VPN: Why you should hide your IP address
I'm a frequent VPN user. I'm out almost daily - when I'm not traveling - because I get tired of working in my home office after a few hours. Paradoxically, some distraction makes it easier to concentrate.
I've tried several paid VPN services - Tunnel Bear, Private Internet Access, and, now VyprVPN - two of which I reviewed a couple of years ago. I don't see how "free" or low-cost VPN services are a viable business model, so I've ignored them.
VyprVPN is provided by Golden Frog GmbH, a Swiss company. The company was founded
. . . in response to surveillance being conducted by the US government. Instead of waiting around for the government to protect Internet users, we founded Golden Frog to build tools that help preserve an open and secure Internet experience while respecting user privacy.
Golden Frog is also an advocate for a free and open internet, and they've recently published a new policy page to share their views on internet security, privacy, and censorship, among other issues.
So their hearts and minds are in the right place.
They support Windows, macOS, Linux, Android, iOS, and more. You can even get a version that supports certain routers, which protects all of your devices that use that router. I've used VyprVPN largely on macOS, and sometimes on iOS.
Besides the security aspects of VPN, VyprVPN also claims to offer high performance. My experience bears out that claim: even in crowded coffee shops - where the local Wi-Fi is likely to be the bottleneck - I usually get several MB/sec of bandwidth. At home, where I have 10MB/sec cable service, I usually see 6-8 MB/sec. When I'm not using VyprVPN I often get close to 10MB/sec.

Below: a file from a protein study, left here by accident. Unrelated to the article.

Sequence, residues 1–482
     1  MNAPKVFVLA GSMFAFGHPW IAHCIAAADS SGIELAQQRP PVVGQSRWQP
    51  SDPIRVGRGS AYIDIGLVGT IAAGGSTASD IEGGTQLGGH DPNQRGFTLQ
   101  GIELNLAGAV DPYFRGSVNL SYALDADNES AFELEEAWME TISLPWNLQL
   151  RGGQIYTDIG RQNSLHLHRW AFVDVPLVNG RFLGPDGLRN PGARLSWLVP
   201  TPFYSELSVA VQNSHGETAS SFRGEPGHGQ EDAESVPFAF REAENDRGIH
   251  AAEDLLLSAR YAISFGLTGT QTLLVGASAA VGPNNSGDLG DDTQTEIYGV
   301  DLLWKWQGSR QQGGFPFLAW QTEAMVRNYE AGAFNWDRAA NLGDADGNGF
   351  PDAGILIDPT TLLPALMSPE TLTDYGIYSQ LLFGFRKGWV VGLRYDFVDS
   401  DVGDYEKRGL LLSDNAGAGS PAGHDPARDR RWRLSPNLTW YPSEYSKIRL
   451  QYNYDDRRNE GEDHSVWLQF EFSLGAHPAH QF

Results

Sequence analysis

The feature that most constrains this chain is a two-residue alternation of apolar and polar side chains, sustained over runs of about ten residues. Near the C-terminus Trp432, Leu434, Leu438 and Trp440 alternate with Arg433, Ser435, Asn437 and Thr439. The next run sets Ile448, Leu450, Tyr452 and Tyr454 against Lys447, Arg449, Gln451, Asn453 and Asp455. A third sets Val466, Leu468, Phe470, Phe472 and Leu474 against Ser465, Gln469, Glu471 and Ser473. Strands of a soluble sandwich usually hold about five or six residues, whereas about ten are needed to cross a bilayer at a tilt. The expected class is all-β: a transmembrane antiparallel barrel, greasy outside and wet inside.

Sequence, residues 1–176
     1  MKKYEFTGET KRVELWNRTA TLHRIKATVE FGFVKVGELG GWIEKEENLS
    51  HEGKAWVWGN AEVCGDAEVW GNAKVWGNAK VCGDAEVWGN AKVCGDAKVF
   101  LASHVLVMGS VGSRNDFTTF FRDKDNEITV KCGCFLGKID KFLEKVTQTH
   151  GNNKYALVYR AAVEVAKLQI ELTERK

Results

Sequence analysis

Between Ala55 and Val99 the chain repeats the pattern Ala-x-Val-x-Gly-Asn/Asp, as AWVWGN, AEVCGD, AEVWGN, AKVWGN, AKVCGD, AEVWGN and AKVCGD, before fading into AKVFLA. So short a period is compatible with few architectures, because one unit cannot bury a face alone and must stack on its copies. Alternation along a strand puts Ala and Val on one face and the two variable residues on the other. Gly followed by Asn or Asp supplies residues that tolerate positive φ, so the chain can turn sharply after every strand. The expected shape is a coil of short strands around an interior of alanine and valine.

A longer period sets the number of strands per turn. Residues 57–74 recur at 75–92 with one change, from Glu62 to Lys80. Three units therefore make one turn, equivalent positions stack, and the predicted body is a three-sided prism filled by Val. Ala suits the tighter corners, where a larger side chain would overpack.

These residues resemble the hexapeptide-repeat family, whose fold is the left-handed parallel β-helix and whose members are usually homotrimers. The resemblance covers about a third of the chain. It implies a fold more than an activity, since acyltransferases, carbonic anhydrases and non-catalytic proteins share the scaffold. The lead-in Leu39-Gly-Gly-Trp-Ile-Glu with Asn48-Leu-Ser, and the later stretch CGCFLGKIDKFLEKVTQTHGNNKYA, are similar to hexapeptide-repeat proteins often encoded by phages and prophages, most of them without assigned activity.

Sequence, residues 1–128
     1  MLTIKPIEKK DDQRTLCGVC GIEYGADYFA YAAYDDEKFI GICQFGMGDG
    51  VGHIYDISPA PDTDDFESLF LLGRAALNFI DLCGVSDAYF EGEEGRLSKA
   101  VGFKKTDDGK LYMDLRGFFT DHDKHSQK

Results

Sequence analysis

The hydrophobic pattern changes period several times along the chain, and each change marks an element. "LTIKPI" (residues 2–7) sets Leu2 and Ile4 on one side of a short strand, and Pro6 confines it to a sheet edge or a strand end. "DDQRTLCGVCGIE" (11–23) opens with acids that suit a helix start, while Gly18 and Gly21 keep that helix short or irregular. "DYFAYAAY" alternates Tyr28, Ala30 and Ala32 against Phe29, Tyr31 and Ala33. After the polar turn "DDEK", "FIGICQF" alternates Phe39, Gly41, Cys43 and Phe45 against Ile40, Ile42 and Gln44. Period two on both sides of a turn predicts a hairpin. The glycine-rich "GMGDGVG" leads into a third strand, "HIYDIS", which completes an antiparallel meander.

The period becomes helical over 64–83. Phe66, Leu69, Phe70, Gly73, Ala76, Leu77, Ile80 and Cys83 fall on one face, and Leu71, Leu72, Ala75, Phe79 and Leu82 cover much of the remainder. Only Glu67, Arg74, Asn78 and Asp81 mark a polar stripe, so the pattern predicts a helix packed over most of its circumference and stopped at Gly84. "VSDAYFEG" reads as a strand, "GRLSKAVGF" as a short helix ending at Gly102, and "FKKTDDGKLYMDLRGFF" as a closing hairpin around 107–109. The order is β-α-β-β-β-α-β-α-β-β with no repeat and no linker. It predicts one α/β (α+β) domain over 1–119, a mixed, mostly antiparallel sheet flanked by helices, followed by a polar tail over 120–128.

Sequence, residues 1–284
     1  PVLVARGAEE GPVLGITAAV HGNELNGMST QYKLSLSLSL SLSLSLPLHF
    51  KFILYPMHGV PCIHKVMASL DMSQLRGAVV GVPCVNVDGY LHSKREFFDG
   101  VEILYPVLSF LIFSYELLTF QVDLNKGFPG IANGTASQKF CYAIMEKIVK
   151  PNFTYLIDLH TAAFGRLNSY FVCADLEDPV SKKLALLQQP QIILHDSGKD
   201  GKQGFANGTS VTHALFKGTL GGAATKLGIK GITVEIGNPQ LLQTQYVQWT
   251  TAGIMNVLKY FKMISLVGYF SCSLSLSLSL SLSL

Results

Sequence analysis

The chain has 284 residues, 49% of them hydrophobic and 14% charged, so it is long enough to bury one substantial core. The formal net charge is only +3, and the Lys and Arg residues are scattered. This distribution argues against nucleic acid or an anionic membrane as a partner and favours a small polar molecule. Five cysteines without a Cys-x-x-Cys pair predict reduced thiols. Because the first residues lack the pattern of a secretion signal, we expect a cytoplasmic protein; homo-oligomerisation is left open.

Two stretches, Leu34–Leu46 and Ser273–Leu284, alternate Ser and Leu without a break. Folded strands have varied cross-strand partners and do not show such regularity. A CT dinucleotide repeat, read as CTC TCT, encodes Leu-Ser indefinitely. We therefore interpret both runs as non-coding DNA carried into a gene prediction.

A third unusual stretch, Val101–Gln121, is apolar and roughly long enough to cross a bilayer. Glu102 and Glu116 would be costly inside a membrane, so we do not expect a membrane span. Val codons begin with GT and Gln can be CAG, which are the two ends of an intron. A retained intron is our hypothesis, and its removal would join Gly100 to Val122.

Perfect? No, but darn good, and almost never a real inconvenience.
Any VPN service adds another layer of complication to your online experience, and VyprVPN is no exception. However they do a better than average job of handling normal conditions.
Their "internet kill switch", when activated, keeps your applications from communicating until the VPN link is established. When logging into a known hotspot the app automatically seeks to set up a VPN connection, which may take up to a minute.
It's more complicated when the establishment requires your agreement to terms and conditions - as Starbucks does - since the kill switch stops communication with the local router. Then you have to quit VyprVPN, agree to the T&Cs, wait for the connection, and then restart the VPN.
I often take days or weeks before rebooting my MacBook, and sometimes I have to force quit VyprVPN since it seems to get stuck sometimes. Not much of an issue for me, but easily frustrated people with no idea how these things work might feel differently until they learn the ropes.
. . . the user's source IP address, the VyprVPN IP address used by the user, connection start and stop time and total number of bytes used.
So they don't track where you go on the web. They use the data for
. . . use with billing issues, troubleshooting, service offering evaluation, TOS issues, AUP issues, and for handling crimes performed over the service.
Most importantly, they don't:
The Storage Bits take
Early on I worked in non-commercial radio, which gave me a nuanced appreciation for the pros and cons of advertising-based media. Today, much of the internet is ad supported, but I've found that, for example, not using Google search saves me a lot of time.
But that is today's world. We don't know what deep neural nets and AI will be able to suss out about us from our browsing habits, but I'm confident it will be way more than we'd voluntarily give to businesses or governments.
I also believe a quality VPN service costs money: servers; bandwidth; software; and, support. It wouldn't surprise me if some of the "free" VPNs are run by hackers to gather passwords and accounts from thrifty and unwary users.
It's a jungle out there. If you do significant work on the web, you should think seriously about buying a VPN service.
Courteous comments welcome, of course. I bought VyprVPN with my own money.